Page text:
Sunday, February 21, 2010

Ode to Socks

Ah, laundry. That cyclical household chore. It's an interesting thing. It's one of those things that you don't really think about as being on your to-do list (at least if you're a college student like me whose to-do list consists of homework and ways to recuperate after completing it), yet you always have to do it. And for what ever reason, I really really dislike it. Dread it, if you will. I may even go so far as to say that I hate laundry. Though I'm not sure it merits such as strong word. But close. Every once in a while I get up enough gumption to do it and it ends up being this huge, all day process. Probably one of the reasons why it is so distasteful to me.

Anyway, I was just finishing up my socks and got to thinking what it would be like to be a sock. (I know it's weird; don't judge me, just hear me out) I mean, think about it. Every time you get washed you get folded together with your partner (provided he wasn't eaten by the dryer) who is only your partner because the two of you look exactly the same. You probably didn't get to pick each other. You were just made as identical copies and then flung together for the rest of your smelly, foot-covering lives until you are worn too thin and just can't take it anymore and then you are just unceremoniously chucked in the trash. It's really a shame about socks. So as I was contemplating and feeling very blessed not to be a sock, I saw the most curious thing in my laundry basket. About half a dozen of my socks had had a meeting in the dryer and decided they were sick of it and were going to revolt. There they were, in this strange lumpy mass, all twisted and stuck together with a strange combination of fibers they had probably heisted from the lint rack, determined not to be separated from their unconventionally chosen partners. (Sorry I don't have a picture of it, my camera is currently on strike as well.) I must admit, I admired their spunk. Unfortunately, as much as I can now sympathize with socks, I can't bring myself to be the kind of person that wears mismatched socks. Colorful socks, yes. Socks with character, yes. Crazy socks, yes. But I'm just not cool enough to throw all my socks in one drawer and just dive for two before heading out for the day. I just can't do it. So I gave them a moment to say their last goodbyes to each other while I went to get the scissors. In my defense, I really do take great care of my socks, probably more than most. I still have hope for that growing pile of unattached singles, even though more likely than not we will never see their partners again and I also give even the dying socks more of a chance than they probably deserve; as long as they still cover at least one toe they may still live in my drawer.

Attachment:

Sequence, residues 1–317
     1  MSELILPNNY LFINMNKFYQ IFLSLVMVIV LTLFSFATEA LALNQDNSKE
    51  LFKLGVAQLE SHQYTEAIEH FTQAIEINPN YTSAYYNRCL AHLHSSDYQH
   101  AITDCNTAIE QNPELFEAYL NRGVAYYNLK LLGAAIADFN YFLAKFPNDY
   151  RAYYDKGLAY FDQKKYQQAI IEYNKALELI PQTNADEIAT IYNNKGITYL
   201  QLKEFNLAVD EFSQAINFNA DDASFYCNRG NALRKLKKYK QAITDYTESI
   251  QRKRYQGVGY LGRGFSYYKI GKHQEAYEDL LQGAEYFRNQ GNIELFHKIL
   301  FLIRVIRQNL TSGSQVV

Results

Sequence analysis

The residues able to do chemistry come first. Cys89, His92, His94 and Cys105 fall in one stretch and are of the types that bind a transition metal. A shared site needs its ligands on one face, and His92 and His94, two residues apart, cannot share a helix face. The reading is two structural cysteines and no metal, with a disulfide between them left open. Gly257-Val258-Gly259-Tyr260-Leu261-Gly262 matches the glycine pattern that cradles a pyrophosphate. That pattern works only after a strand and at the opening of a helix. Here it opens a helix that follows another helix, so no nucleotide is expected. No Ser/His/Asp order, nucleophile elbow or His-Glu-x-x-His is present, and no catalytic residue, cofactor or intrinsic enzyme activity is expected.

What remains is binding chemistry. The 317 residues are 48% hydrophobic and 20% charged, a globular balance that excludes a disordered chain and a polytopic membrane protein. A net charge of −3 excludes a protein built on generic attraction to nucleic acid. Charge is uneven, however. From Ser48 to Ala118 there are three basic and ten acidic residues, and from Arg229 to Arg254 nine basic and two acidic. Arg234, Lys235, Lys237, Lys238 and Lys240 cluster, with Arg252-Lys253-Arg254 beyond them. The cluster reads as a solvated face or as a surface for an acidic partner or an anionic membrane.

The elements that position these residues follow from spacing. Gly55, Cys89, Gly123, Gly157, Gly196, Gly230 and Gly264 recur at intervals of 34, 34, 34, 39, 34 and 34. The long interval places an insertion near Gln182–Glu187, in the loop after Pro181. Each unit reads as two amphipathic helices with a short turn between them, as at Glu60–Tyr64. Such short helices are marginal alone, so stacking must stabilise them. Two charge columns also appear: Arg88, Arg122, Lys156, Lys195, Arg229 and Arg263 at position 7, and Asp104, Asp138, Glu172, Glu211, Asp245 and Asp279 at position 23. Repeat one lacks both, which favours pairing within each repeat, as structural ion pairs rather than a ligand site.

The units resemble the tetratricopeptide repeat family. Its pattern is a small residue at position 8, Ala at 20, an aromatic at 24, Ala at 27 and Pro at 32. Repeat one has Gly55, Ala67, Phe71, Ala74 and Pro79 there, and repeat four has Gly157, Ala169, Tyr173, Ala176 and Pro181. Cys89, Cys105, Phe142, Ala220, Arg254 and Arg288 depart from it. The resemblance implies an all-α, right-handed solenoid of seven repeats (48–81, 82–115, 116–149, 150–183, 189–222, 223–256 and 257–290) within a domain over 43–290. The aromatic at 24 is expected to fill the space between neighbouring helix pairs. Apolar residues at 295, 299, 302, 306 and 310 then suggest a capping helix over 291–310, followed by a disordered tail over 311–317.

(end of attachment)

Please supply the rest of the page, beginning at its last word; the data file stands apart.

So there you have it. All you probably ever wanted to know and more about what goes on in my head in relation to socks. You are now free to either have your own meditative moment about the stockings in your bureau...or you can just write me off as a loony and go on with your sensible laundry-cycling lives.

Saturday, February 13, 2010

Is this a good thing?

So apparently I've been given the title of "Detailer" at work. I'm not sure if this is a good thing or a bad thing. So far it has earned me the honor of being chosen for those tedious tasks such as cleaning the automatic meat slicer (an awkward machine that gets dirty in strange places) and the conveyor belt toaster (a charcoal disaster). Every time my boss comes up to me and says "I have a job for you!" (which is nice because there is never anything to do by the time my shift rolls around) or "This calls for your detailing skills." or something similar. It's kind of nice to be appreciated and he does say that he chooses me because he knows I will do a good job. Plus I'm the kind of nerdy, OCD perfectionist that enjoys those kinds of tedious jobs. So I guess it's a compliment. Yea, I have a purpose in life!